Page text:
Car finance debt from dealerships for 2018 to date has smashed previous records, as new and used car buyers continue to borrow more and more money on their cars.
Point of sale (POS) consumer car finance lending for new cars topped £10 billion for the first six months of 2018, according to data released today by the Finance and Leasing Association (FLA), while lending for used cars was more than £9 billion. This is an increase of 8% and 17% respectively over last year’s record numbers, despite fewer cars being sold.
The average borrowing for both new and used cars hit record levels in the last quarter, with average new car borrowing at about £20,000 (up 7% over last year) and used car borrowing at about £12,000 (up 5% over last year). Over the same period, average weekly earnings across the UK have only increased by 2%, suggesting that buyers are spending more of their income on car finance payments than ever before.
For new car buyers, average car finance debt now represents more than 39 weeks of average earnings, up from 29 weeks at the start of the decade. Much of this growth has been fuelled by the popularity of personal contract purchase (PCP) finance, meaning greater debt but lower monthly payments thanks to the enormous balloon payment that hangs over the length of the agreement. The problem is that if a customer needs to settle the finance agreement early, they have an enormous debt that they generally can’t afford to clear.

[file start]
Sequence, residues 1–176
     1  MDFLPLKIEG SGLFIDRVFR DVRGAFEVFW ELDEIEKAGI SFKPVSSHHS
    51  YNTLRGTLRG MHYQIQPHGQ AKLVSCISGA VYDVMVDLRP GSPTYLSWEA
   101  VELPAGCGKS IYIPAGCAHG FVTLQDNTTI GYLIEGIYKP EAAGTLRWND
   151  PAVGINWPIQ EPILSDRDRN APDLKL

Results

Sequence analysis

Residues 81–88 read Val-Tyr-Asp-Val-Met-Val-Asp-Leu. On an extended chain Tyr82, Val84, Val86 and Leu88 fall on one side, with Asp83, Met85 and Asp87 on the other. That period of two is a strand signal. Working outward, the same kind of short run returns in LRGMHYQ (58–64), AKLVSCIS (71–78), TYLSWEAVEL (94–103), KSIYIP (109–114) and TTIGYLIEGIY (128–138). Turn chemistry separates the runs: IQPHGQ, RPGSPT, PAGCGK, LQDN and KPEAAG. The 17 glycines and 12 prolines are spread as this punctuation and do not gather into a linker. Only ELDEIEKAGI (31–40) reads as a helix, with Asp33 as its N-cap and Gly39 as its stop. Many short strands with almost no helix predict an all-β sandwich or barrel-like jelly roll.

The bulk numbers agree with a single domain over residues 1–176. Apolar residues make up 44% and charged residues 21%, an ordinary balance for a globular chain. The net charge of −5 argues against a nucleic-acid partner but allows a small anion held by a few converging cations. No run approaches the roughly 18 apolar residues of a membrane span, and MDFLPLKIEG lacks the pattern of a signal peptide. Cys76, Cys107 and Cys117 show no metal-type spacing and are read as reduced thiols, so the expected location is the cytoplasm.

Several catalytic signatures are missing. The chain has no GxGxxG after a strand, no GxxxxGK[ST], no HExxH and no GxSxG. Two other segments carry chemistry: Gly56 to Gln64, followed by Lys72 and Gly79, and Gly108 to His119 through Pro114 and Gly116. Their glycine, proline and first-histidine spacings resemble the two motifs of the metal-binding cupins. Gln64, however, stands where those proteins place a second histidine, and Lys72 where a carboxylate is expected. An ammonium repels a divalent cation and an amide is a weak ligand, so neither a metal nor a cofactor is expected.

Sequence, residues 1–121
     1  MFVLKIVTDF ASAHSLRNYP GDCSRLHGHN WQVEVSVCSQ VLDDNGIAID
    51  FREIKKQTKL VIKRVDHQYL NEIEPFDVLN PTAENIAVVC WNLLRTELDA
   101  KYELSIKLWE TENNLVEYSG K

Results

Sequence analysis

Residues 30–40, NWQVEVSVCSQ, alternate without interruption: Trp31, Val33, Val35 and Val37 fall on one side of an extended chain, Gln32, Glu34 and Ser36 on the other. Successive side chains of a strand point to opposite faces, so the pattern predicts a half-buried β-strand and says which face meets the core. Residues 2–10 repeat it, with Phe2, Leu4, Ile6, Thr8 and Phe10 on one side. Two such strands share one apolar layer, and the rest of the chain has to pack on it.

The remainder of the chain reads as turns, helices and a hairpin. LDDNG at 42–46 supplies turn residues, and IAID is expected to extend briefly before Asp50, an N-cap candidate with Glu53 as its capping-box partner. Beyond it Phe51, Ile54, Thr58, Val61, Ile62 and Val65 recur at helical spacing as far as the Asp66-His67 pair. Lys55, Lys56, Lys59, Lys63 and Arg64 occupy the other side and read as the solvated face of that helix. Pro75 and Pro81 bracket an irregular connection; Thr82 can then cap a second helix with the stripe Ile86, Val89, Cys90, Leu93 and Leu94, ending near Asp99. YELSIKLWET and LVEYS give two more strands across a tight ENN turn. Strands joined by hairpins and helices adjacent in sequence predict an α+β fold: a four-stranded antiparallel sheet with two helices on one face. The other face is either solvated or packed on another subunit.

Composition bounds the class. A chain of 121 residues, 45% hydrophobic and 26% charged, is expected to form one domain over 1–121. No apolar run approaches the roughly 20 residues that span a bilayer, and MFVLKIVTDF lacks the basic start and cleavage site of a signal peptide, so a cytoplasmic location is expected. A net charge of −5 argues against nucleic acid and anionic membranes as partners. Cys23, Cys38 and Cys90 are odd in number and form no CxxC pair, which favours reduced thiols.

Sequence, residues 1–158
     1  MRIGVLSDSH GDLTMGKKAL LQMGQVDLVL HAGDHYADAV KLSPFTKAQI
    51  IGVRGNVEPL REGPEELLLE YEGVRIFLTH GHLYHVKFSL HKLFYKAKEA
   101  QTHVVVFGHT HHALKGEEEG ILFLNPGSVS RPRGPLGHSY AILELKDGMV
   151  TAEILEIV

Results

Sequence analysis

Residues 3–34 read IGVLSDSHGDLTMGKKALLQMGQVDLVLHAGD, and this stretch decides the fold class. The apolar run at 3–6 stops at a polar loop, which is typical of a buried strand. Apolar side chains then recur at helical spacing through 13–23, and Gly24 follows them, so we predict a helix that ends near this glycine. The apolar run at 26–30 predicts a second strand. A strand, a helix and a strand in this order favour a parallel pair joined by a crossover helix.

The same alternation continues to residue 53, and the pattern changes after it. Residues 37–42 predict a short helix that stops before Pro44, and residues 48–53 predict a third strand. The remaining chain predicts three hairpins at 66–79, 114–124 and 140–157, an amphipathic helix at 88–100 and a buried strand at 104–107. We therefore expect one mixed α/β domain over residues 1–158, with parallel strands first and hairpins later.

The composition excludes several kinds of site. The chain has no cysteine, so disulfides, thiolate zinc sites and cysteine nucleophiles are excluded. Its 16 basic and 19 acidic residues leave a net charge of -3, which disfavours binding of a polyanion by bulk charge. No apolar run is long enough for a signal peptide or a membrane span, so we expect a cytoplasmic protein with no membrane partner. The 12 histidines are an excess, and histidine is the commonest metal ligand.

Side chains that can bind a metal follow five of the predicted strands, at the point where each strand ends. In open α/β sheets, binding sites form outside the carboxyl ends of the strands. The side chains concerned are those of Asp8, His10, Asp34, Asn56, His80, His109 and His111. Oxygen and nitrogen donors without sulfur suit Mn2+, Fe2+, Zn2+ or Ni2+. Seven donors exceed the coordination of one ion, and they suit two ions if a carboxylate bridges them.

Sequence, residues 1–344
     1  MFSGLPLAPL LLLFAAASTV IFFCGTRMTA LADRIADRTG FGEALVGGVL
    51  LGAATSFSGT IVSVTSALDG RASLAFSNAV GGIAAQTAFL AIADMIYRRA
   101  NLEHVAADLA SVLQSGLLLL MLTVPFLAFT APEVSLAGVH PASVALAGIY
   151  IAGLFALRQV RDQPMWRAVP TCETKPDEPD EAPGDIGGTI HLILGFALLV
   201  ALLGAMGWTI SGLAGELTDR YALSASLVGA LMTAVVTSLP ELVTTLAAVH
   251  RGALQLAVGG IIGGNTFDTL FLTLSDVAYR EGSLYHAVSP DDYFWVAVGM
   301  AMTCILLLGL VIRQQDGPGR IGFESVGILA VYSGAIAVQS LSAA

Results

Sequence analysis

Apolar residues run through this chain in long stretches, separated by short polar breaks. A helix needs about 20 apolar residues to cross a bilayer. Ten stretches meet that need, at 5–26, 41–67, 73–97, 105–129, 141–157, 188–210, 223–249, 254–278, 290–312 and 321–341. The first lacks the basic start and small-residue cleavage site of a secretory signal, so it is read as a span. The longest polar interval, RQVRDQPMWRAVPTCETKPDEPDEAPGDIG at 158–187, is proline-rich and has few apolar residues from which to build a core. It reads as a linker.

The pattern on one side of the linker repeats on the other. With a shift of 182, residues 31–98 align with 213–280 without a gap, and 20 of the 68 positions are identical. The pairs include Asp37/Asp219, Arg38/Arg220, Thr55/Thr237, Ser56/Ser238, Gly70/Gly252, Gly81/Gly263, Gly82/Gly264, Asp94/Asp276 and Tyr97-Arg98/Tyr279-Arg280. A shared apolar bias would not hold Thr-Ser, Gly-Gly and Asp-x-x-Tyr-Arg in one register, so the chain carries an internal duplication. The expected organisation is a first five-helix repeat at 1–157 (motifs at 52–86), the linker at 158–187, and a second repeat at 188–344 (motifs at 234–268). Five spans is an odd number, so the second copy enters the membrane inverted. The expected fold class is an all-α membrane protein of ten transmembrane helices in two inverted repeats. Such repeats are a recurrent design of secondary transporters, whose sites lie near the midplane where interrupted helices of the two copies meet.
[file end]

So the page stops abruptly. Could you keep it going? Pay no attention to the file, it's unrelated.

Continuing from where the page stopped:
Used car finance growth is also being driven by the increasing popularity of PCP agreements, although the interest rates are not usually as favourable on used cars as they are for new cars.
About 90% of all privately-purchased new cars are financed at point of sale, with car dealerships acting as brokers for the finance companies. For used cars, the figure is harder to judge but probably less than 20% as many used cars are sold privately or financed by other means (such as a personal loan from a bank).
|Cars bought on finance by consumers through dealerships – June 2018|
|New business||Jun 2018||% change on prev. year||3 months to Jun 2018||% change on prev. year||12 months to Jun 2018||% change on prev. year|
|Value of advances (£m)||1,717||+9%||4,962||+18%||19,479||+4%|
|Number of cars||83,470||+1%||243,495||+12%||978,713||-6%|
|Value of advances (£m)||1,460||+11%||4,562||+16%||16,528||+13%|
|Number of cars||119,903||+4%||383,302||+10%||1,412,991||+7%|
|Value of advances (£m)||3,176||+10%||9,524||+17%||36,007||+8%|
|Number of cars||203,373||+3%||626,797||+11%||2,391,704||+2%|
Source: Finance and Leasing Association
Increased interest rates have had no impact on car finance debt
Based on this record car finance lending for the first half of 2018, it appears that the Bank of England’s move to increase interest rates last November has done absolutely nothing to slow borrowing on new and used cars. Another increase has been announced this month, so it remains to be seen whether or not this will make any difference to car finance borrowing over the rest of this year.
There are still plenty of low-rate or even 0% APR new car deals around in the marketplace, and the ongoing desperation of car manufacturers and dealers to sell every car they can means that we are unlikely to see any substantial hikes in the rates offered to customers.
If rates do start creeping up, we can expect to see dealers steering customers towards ever-longer terms to keep their monthly payments down. Whilst that may help them get a sale today, it’s just postponing an inevitable problem of declining sales further down the line.
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